- Stage 2B: Unilateral tumor with complete or incomplete gross resection; with ispilateral lymph node positive for tumor; identifiable contralateral lymph node negative for tumor.
- Stage 3: Tumor infiltrating across midline with or without regional lymph node involvement; or unilateral tumor with contralateral lymph node involvement; or midline tumor with bilateral lymph node involvement.
- Stage 4: Dissemination of tumor to distant lymph nodes, bone marrow, bone, liver, or other organs except as defined by Stage 4S.
- Stage 4S: Localized primary tumor as defined in Stage 1 or 2, with dissemination limited to liver, skin, or bone marrow (less than 10 percent of nucleated bone marrow cells are tumors).
In a controlled study whose results were published in 2002, screening of all healthy infants' urine for markers of neuroblastoma was compared to deaths of infants whose urine was not tested. The overall death rate from the cancer was the same. Screening identified infants with harmless neuroblastomas that would have melted away without treatment; the infants were then subjected to surgery and chemotherapy.4
When the lesion is localized, it is generally curable. However, long-term survival for children with advanced disease is poor despite aggressive multimodality therapy.
Recent biologic and genetic characteristics have been identified, which, when added to classic clinical staging, has allowed accurate patient assignment to risk groups so that treatment strategies can be more effectively undertaken. These criteria include the age of the patient, extent of disease spread, microscopic appearance, and several other biological features, most importantly MYCN oncogene amplification, into low, intermediate, and high risk disease. The therapy for these different risk categories is very different. Low risk patients can frequently be observed without any treatment at all, while intermediate risk patients are treated with chemotherapy. High-risk neuroblastoma is treated with intensive chemotherapy, surgery, radiation therapy, bone marrow transplantation, and biological-based therapy with Cys-Retinoic acid (Accutane). With current treatments, patients with low and intermediate risk disease have an excellent prognosis with cure rates above 90%. In contrast, therapy for high-risk neuroblastoma results in cures only about 30% of the time.
After it is declared that the disease is gone, it often comes back. Further treatment is then required. This can be problematic because some treatments, such as chemotherapy, have cumulative effects and side-effects therefore can increase significantly if used again.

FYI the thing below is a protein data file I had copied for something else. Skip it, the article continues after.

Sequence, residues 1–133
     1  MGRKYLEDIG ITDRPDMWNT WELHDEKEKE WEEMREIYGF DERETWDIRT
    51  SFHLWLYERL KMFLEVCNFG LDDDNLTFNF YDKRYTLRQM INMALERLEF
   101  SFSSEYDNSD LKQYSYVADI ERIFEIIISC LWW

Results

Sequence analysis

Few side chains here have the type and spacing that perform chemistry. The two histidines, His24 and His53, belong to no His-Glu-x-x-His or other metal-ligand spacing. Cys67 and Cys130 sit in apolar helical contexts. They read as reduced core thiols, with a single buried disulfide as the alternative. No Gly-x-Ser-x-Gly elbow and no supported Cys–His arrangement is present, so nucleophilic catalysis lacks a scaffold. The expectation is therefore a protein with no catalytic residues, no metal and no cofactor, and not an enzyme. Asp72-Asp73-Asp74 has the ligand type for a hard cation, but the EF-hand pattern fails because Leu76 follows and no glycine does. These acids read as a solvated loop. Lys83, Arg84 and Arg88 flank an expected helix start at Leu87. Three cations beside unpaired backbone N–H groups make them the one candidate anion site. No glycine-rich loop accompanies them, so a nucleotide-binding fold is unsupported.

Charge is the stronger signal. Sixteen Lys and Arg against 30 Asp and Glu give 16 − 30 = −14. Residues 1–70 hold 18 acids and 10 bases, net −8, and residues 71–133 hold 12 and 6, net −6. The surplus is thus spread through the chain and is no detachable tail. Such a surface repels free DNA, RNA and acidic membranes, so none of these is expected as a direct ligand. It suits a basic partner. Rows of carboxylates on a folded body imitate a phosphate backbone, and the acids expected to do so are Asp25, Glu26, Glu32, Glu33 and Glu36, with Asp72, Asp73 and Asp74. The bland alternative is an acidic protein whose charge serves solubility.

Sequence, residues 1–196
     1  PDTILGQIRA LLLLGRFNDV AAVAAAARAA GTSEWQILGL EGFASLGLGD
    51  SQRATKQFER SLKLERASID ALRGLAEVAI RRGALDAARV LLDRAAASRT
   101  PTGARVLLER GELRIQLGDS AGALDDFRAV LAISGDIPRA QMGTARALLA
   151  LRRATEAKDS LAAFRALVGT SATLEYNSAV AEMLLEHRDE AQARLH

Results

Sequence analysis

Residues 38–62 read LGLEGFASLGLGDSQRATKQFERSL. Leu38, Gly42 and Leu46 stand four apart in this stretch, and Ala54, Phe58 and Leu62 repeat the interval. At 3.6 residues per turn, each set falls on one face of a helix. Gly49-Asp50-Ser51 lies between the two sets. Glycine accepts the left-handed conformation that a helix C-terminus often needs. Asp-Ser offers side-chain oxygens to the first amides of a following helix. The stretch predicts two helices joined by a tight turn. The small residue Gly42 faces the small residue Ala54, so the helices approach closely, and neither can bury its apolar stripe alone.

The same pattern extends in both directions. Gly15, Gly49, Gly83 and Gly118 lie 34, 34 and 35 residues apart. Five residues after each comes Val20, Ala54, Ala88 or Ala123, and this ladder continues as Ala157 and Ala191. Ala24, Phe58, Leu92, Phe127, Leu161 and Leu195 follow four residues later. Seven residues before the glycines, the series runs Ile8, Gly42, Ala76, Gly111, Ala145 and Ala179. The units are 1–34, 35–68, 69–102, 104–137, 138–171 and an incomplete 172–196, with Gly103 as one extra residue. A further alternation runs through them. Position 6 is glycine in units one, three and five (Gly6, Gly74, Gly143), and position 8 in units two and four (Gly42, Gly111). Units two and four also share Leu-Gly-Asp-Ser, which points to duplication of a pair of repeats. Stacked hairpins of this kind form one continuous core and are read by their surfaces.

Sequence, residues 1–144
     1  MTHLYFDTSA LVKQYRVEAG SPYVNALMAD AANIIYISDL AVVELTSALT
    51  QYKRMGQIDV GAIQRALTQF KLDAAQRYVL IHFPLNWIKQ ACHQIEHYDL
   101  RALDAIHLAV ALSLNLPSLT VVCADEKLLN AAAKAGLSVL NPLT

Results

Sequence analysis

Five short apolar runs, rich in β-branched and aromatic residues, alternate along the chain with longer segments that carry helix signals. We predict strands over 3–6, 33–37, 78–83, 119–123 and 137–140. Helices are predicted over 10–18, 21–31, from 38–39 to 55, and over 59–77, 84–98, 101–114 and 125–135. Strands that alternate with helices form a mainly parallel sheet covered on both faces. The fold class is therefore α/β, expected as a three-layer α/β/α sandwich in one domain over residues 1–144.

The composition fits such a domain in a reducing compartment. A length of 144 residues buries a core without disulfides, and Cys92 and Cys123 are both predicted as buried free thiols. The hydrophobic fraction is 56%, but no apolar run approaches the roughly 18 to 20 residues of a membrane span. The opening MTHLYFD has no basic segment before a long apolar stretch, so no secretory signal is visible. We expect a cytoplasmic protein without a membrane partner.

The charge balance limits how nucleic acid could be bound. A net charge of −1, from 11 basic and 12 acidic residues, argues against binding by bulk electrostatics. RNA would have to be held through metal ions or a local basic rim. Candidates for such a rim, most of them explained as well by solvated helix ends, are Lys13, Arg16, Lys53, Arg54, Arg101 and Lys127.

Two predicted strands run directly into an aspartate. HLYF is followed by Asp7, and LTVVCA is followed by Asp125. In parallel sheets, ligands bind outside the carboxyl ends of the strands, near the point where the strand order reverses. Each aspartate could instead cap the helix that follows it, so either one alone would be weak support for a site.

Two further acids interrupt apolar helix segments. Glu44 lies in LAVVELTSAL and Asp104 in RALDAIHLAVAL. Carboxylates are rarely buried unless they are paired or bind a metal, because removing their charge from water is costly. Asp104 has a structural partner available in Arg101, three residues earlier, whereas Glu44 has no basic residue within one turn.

Intensive chemotherapy and radiation therapy have known long-term negative consequences. An estimated two of three survivors of childhood cancer will ultimately develop at least one chronic and sometimes life-threatening health problem within 20 to 30 years after the cancer diagnosis.5,6
- Janet Sassi, "Cellular Communication: Unraveling the Secrets of Histone Proteins", Fordham University, February 16, 2007
- Sharon Kirkey, "Prenatal vitamins cut cancer risk in kids", CanWest News Service, February 22, 2007
- "Althea Technologies Announces the Development of a Diagnostic Capable of Differentiating Multiple Forms of Childhood Cancer", press release, February 20, 2007
- Darshak Sanghavi, "Screen Alert: How an Ounce of RX Prevention can Cause a Pound of Hurt", Slate magazine, November 28, 2006
- "Childhood Cancer Survivors Face Increased Sarcoma Risk", HealthDay News, February 21, 2007
- Oeffinger et al., "Chronic Health Conditions in Adult Survivors of Childhood Cancer", New England Journal of Medicine, October 12, 2006
- Neuroblastoma: biological insights into a clinical enigma. Brodeur GM. Nature Reviews Cancer. 2003 Mar;3(3):203-16. PMID 12612655
- Current aspects of biology, risk assessment, and treatment of neuroblastoma. Haase GM, Perez C, Atkinson JB. Semin Surg Oncol. 1999 Mar;16(2):91-104. PMID 9988866
- i. Very rare embryonal neuroepithelaial neoplasm occurring usually within the first 2 decades in a supratentorial location and a median survival of only 4 years
- ii. Small cells with sparse cytoplasm and hyperchromatic nuclei; exhibits focal neuronal differentiation in the form of Homer-Wright rosettes and immunoreactivity for neurofilament protein and synaptophysin